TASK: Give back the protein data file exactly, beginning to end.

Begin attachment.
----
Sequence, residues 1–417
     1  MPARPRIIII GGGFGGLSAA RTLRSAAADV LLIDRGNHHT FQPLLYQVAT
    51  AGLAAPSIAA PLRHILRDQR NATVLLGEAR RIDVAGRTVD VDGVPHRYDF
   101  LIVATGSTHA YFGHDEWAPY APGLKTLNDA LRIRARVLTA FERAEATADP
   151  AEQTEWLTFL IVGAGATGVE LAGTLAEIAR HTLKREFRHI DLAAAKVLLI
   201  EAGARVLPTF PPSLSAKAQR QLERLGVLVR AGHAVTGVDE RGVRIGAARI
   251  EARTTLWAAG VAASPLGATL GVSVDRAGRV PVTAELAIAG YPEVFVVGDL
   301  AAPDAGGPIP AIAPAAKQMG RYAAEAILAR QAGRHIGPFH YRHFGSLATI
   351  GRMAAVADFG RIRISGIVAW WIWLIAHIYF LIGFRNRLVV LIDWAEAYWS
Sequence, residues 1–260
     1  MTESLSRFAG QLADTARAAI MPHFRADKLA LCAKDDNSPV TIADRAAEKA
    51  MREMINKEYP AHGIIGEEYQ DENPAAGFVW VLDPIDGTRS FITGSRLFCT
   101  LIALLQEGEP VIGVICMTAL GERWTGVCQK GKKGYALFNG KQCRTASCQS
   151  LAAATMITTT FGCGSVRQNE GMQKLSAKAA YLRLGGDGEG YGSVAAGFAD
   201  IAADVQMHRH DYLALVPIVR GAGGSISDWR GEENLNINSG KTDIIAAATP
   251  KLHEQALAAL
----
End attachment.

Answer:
Sequence, residues 1–417
     1  MPARPRIIII GGGFGGLSAA RTLRSAAADV LLIDRGNHHT FQPLLYQVAT
    51  AGLAAPSIAA PLRHILRDQR NATVLLGEAR RIDVAGRTVD VDGVPHRYDF
   101  LIVATGSTHA YFGHDEWAPY APGLKTLNDA LRIRARVLTA FERAEATADP
   151  AEQTEWLTFL IVGAGATGVE LAGTLAEIAR HTLKREFRHI DLAAAKVLLI
   201  EAGARVLPTF PPSLSAKAQR QLERLGVLVR AGHAVTGVDE RGVRIGAARI
   251  EARTTLWAAG VAASPLGATL GVSVDRAGRV PVTAELAIAG YPEVFVVGDL
   301  AAPDAGGPIP AIAPAAKQMG RYAAEAILAR QAGRHIGPFH YRHFGSLATI
   351  GRMAAVADFG RIRISGIVAW WIWLIAHIYF LIGFRNRLVV LIDWAEAYWS
Sequence, residues 1–260
     1  MTESLSRFAG QLADTARAAI MPHFRADKLA LCAKDDNSPV TIADRAAEKA
    51  MREMINKEYP AHGIIGEEYQ DENPAAGFVW VLDPIDGTRS FITGSRLFCT
   101  LIALLQEGEP VIGVICMTAL GERWTGVCQK GKKGYALFNG KQCRTASCQS
   151  LAAATMITTT FGCGSVRQNE GMQKLSAKAA YLRLGGDGEG YGSVAAGFAD
   201  IAADVQMHRH DYLALVPIVR GAGGSISDWR GEENLNINSG KTDIIAAATP
   251  KLHEQALAAL